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Customers at select GS25 convenience stores in South Korea will be able to charge shared electric bicycles from June.
South Korea’s FTC (Fair Trade Commission) approved a set of voluntary rules agreed by convenience store operators to better protect struggling franchisees.
Five members of the Korea Association of Convenience Store Industry, CU, GS25, 7-ELEVEN, MINISTOP, C-SPACE and Emart24, came up with a voluntary agreement to curb excessive competition.
A key centerpieceof the agreement is that stores of rival brands should be at least 50 metres away from each other. This is the first time the convenience stores have set the minimum distance since 2000.
FTC’s approval will see the voluntary agreement to be applied to to 96% (38,000) of convenience stores nationwide.
The number of convenience stores has risen sharply to at least 40,000 last year, driven by an increase of single-member and two-people households.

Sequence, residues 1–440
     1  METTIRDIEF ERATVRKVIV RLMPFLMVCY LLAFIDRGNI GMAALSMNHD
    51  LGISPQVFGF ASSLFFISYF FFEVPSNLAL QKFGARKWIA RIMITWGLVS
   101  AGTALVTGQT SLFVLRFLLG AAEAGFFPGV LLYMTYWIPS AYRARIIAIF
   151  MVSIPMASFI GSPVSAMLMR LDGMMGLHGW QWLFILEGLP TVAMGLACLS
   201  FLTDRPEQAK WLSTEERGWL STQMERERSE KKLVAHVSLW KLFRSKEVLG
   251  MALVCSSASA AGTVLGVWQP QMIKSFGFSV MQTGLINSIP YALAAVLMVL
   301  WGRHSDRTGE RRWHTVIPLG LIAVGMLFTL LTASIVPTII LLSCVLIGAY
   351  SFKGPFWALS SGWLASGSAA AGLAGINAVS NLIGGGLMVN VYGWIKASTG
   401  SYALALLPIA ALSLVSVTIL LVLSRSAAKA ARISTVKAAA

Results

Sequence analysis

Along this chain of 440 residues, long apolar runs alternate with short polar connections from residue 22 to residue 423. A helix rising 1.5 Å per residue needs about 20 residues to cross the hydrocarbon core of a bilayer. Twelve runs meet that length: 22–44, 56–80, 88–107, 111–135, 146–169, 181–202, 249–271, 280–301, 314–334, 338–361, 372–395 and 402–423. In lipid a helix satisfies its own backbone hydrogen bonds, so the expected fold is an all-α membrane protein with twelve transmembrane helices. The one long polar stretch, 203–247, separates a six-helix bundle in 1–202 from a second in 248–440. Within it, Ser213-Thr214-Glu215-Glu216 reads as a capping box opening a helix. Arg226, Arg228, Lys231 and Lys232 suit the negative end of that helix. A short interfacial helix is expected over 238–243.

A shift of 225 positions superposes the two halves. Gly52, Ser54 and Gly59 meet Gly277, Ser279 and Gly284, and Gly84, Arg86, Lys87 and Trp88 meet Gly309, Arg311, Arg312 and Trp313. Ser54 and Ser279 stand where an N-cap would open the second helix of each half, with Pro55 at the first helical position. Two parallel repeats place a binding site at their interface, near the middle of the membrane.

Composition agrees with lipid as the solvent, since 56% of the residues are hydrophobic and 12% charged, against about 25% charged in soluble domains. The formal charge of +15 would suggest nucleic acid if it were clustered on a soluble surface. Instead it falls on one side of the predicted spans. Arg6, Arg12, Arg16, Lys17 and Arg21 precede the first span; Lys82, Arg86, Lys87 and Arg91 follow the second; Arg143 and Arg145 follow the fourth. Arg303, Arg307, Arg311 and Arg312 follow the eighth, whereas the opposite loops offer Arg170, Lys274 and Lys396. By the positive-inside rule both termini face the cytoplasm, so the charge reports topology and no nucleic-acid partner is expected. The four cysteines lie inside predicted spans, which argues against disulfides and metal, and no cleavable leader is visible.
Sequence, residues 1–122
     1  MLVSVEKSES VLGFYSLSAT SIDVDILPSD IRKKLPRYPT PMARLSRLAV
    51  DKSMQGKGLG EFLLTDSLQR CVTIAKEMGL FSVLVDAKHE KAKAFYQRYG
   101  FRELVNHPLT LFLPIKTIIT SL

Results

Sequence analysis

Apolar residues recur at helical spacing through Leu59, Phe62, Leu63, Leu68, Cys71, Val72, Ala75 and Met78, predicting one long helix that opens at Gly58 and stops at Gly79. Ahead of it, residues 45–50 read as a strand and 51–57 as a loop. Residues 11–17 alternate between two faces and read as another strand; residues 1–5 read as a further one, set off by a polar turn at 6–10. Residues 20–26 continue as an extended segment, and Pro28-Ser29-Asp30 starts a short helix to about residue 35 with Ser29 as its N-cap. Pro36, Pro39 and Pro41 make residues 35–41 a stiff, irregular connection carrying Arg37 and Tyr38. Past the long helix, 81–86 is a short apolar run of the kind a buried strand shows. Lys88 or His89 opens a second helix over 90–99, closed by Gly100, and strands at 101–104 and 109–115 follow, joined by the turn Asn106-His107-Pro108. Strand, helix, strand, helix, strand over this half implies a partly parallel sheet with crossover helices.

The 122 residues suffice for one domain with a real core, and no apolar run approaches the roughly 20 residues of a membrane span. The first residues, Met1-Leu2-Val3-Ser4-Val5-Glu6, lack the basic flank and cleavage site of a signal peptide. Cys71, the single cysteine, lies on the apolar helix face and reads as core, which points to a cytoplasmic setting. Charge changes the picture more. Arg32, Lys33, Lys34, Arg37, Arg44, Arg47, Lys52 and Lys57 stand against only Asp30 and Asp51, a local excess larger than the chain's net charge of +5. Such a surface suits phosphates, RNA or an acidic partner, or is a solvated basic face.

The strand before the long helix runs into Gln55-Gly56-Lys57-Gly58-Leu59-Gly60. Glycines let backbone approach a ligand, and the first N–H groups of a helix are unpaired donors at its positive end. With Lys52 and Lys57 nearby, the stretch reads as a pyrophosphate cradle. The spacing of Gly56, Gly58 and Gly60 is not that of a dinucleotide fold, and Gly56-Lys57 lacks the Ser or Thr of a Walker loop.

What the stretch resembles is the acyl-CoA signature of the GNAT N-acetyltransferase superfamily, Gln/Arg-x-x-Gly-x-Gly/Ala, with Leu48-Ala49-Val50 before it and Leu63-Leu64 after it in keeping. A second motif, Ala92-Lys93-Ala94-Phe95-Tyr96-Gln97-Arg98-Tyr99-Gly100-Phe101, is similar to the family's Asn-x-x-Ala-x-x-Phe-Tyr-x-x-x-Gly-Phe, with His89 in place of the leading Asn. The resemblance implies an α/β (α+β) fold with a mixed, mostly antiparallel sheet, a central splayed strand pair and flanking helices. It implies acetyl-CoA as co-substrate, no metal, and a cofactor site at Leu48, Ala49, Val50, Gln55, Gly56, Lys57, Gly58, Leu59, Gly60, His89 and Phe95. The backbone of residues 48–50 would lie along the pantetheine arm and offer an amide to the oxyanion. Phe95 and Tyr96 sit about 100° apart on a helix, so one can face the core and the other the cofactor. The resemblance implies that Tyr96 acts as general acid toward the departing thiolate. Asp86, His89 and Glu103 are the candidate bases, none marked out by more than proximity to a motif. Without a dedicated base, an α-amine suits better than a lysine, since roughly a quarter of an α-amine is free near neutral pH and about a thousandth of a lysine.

Kim Sang-jo, chairman of the FTC, said the regulations could ease saturation and prevent reckless new openings in areas where there are already many existing stores.
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South Korean convenience chains CU and GS25, operated by BGF Retail and GS Retail respectively, have seen a recovery in their results for the first half.
CU convenience chain recorded a net profit of KRW45.3bn (US$40.2m) from April to June, an increase of 105% from the first quarter of this year. Sales increased 12.3% to KRW1,478.5bn (US$1.3bn) compared with the first quarter. The retailer added 162 stores, ending the period with 12,897 CU stores - maintaining its position as the largest convenience chain in South Korea. It noted growth in meal replacement categories - a key and growing trend that is driven by the increase of smaller households throughout the country.
In June last year, BGF Retail decided to separate itself into a holding company, BGF, and an operating company, BGF Retail. The entities separated on 1st November 2017, therefore YoY comparisons have not been published. Click here to see how the retailer performed in 2017.